We live in a democratic country and giving farmers the freedom to choose how to market their own grain, whether that’s individually or through a voluntary pooling entity, is the democratic thing to do.
Currently, by law, Western Canadian wheat, durum and barley farmers do not have the same rights as other producers in Canada and around the world.
For export or domestic human consumption, farmers have no other option but to market through the Canadian Wheat Board — the arcane monopoly that was established by government, not producers, to aid the war effort.
Our government will not stand idly by while Western Canadian farmers are short changed by an out-of-date act of Parliament.
Our government believes in protecting the property rights of farmers and their ability to run their own businesses.
This is demanded by farmers in the CWB’s own surveys that confirm that a dual market is the most popular choice among producers, a choice that allows them to control the price and timing of their sales.
Furthermore, our government’s top priority, like that of Canadian families, is a strong economy.
An open grain market will drive the economy, encourage investment and create jobs. After all, international buyers purchase Canadian wheat and barley because of their quality and value, not because the CWB sells them.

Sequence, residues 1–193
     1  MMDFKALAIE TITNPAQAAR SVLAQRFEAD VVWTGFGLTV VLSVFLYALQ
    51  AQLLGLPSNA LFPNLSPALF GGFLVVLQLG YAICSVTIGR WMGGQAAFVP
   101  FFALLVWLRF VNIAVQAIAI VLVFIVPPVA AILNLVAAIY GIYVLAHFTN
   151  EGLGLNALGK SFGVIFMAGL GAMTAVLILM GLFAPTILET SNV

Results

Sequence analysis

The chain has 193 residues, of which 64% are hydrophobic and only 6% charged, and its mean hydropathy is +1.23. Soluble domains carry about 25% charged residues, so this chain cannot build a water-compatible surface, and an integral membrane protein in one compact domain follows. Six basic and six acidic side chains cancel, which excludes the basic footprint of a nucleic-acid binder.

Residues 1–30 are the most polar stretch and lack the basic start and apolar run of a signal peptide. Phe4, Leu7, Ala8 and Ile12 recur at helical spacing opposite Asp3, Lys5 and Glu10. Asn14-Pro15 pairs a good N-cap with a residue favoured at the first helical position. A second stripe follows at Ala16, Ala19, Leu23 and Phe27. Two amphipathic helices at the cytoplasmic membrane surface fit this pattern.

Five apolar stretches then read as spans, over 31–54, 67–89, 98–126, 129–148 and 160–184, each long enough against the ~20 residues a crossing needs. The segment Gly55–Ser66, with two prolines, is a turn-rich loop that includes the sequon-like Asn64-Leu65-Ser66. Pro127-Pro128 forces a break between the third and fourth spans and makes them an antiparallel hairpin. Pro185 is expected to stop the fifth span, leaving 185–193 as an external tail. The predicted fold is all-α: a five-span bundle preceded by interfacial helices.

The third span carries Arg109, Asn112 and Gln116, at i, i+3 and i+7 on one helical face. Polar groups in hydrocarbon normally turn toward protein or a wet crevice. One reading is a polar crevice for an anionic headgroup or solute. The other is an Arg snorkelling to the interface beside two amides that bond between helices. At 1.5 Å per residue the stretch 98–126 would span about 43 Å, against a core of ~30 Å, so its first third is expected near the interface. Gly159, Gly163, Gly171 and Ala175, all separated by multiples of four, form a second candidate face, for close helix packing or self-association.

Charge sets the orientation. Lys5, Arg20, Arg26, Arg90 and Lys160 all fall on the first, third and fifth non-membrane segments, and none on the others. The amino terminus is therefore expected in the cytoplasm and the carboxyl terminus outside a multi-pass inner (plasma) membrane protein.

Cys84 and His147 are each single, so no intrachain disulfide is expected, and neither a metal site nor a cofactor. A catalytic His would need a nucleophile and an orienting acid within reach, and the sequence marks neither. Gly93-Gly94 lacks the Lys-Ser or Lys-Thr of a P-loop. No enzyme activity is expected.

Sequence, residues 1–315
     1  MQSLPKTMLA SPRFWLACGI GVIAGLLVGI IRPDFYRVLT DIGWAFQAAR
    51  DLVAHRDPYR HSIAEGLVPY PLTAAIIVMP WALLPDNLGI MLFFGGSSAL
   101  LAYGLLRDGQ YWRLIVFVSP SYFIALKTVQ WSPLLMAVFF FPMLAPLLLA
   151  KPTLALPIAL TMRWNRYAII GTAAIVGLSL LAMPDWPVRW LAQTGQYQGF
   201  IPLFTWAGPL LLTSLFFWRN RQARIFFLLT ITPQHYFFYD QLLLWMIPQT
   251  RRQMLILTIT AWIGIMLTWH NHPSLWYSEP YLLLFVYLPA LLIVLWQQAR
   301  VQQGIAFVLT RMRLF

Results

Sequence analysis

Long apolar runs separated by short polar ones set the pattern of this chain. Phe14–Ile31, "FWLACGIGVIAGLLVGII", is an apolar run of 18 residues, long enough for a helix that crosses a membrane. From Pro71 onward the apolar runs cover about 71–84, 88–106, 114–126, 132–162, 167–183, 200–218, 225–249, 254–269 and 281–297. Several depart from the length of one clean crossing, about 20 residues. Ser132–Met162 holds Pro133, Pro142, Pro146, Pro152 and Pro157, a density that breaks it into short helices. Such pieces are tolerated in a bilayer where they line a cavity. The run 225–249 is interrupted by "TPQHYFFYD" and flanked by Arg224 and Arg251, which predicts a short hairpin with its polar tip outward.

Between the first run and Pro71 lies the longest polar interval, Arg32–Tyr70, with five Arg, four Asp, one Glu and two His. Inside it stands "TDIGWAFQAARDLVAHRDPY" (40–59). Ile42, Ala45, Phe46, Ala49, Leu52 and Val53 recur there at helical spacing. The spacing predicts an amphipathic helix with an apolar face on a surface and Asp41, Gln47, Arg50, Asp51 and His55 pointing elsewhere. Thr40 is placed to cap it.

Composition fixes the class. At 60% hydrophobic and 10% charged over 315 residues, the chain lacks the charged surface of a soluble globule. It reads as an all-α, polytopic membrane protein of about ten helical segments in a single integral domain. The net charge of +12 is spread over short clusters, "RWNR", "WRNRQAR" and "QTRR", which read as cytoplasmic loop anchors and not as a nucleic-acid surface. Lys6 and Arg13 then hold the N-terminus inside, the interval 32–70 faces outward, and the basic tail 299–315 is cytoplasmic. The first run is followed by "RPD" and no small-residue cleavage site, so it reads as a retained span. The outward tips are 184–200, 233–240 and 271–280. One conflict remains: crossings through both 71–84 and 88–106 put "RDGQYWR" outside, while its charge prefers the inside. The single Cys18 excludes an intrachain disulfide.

In Australia, farmers are looking at record wheat acreage this year.
In an open market, Canadian farmers and industry would be free to respond to market demands by innovative their farming and processing practices.
This transition is, of course, a complex process which is why my departmental officials are working with the entire value chain, including farmers, the grain trade, railways, academia and government.
We remain hopeful that the CWB will work with us in providing marketing choice to every farmer.
During the transition period, we will continue to make every effort to ensure clarity and certainty for farmers and the whole value chain.
Our government is pleased to receive the support for this initiative from three of the four provinces shackled by the monopoly: Saskatchewan, Alberta and British Columbia, which produce up to 90 per cent of western Canada’s wheat, durum and barley.
Exciting new opportunities lie ahead for our farmers. We need to ensure that all farmers right across this great country can position their businesses to capture those opportunities.